Education and Counseling for Individuals Affected by Oppositional Defiant Disorder and ADHD

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When One Parent Sabotages the Other

"You mention that it is better to have a weaker discipline strategy from both parents than a stronger strategy from one, but what if one parent will not discipline the child and goes behind your back to replace items you have withdrawn. This parent encourages the child to lie and be deceitful as he practices these traits and encourages the child not to tell Mom. We are close to divorce, but both desire the best for the child, but we see the best very differently. Some of these difficulties are exaggerated by our ages - I am 57 and he is 78; our son is 12."

At one of our recent parenting seminars, one member worried aloud that she and her husband disagreed about how to raise and discipline their 13-year-old son. She pointed out that she and her husband came from different family backgrounds, so the examples they had grown up with were very different. She wondered if they could ever agree about child rearing, and she was concerned that their son was not be receiving consistent rules from both parents. "How can we begin to come to some agreement?" she asked.

Throughout the room, heads nodded. It can be a big problem -- joining two people who have been raised by very different methods and expecting them to be in harmony about how to raise their own children. When people are falling in love and considering marriage and families, they usually don't think to ask, "Are you a passive parent …an authoritarian … a neglectful parent …or assertive?”

One of the biggest sources of marital stress is disagreement about child rearing. And for children, major parental disagreement is a source of mixed messages and confusion that may undermine the attitudes, values, and behaviors parents hope to teach. Whatever the nature of the disagreement, it can have a significant impact on all family members and can lead to an erosion of parental authority, as children learn to play one parent against the other.

If the children are still young, parents have time to negotiate some agreement about the major aspects of child rearing:

1st- Sit down together and list the aspects of child rearing on which you DO agree (e.g., what goals do you have for your child, say by the time he is 15, and what values do you want him to learn?).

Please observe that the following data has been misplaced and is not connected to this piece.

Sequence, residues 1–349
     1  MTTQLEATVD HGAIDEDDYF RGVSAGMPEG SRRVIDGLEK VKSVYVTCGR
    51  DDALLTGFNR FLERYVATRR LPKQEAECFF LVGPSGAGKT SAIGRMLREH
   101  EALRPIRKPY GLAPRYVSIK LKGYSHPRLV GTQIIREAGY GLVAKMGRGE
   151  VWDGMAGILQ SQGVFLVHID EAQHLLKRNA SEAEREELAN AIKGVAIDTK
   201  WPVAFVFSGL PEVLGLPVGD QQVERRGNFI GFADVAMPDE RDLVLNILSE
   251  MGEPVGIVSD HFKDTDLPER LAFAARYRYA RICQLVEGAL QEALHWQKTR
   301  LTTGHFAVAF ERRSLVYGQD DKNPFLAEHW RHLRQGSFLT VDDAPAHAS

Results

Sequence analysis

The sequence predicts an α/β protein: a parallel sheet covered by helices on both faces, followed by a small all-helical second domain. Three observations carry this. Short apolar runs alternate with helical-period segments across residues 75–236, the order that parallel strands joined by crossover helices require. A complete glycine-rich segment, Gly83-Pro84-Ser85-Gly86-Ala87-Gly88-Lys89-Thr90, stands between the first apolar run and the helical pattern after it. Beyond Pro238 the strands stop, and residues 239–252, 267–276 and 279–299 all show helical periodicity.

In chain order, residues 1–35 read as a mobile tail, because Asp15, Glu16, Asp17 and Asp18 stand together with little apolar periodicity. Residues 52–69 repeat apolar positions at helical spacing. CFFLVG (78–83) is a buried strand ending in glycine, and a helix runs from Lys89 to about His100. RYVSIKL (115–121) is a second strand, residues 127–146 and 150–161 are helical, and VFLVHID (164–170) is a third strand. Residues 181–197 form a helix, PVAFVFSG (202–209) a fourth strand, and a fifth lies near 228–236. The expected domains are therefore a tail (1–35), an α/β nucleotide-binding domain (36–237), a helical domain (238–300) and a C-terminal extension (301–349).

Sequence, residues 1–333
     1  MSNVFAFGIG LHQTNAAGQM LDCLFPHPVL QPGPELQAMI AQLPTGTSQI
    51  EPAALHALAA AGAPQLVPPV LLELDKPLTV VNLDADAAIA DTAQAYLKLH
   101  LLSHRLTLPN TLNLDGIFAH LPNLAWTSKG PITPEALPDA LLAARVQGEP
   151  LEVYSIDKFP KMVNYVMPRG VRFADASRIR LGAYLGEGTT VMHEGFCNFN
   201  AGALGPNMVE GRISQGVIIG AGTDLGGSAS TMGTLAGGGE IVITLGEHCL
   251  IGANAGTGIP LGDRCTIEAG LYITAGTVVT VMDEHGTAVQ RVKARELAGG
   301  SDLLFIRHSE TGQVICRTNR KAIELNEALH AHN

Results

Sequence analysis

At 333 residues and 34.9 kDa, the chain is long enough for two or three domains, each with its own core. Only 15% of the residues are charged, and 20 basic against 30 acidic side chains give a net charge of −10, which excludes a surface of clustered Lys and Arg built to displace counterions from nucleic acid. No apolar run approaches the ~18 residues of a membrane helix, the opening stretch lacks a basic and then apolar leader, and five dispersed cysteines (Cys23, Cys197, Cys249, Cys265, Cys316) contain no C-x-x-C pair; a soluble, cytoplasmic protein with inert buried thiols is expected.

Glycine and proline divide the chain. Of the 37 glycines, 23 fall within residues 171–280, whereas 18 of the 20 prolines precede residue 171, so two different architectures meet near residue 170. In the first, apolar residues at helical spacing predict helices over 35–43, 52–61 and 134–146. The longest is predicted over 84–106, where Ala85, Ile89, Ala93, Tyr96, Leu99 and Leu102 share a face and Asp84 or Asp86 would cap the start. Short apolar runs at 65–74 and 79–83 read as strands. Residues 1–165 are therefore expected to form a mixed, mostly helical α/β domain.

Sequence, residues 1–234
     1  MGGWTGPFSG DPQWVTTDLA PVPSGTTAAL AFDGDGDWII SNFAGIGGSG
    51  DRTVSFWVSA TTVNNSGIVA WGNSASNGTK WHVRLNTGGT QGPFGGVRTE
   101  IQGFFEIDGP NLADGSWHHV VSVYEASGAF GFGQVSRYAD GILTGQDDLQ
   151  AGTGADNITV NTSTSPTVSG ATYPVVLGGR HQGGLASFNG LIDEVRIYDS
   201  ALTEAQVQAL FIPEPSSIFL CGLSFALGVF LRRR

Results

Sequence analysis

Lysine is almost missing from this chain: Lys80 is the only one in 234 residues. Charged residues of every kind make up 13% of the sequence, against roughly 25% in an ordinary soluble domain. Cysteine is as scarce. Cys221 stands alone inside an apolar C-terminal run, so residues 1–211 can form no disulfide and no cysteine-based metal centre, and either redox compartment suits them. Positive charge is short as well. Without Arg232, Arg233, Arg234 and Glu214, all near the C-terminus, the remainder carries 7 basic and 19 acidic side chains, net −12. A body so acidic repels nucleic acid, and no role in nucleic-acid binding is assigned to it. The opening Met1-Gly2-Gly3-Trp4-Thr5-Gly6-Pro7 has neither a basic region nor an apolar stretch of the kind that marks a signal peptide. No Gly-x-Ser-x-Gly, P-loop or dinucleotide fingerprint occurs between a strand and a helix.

2nd- Identify the standards of behavior that you agree are realistic for your child's age.

3rd- List any strategies you both think are important (e.g., you may disagree about punishments, but you may agree that both parents should set an example of respect and honesty; you may agree that it's important to tell him you appreciate it when he does what you ask).

4th- After you've identified points of agreement, begin to list areas of disagreement. Talk openly, calmly and respectfully about what you each believe regarding how your child should be parented -- and where you learned those beliefs.

5th- Identify child-rearing sources to which you can turn, understanding that together, you may need to learn new strategies to replace the old ways that are a source of conflict.

6th- Agree to a regular time to check in with each other about how you're doing together as parents. Give new strategies a chance to take hold and give your child a chance to learn that mom and dad are working together. Do not expect your child's behavior to change immediately, just because you are trying a new mutually agreed upon tactic.

My Out-of-Control Teen: Help for Parents

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Parenting Rebellious Teens

One day you wake up and find that life has changed forever. Instead of greeting you with a hug, your little boy rolls his eyes when you say "good morning" and shouts, "You're ruining my life!" You may think you've stepped into the Twilight Zone, but you've actually been thrust into your son's teen years.

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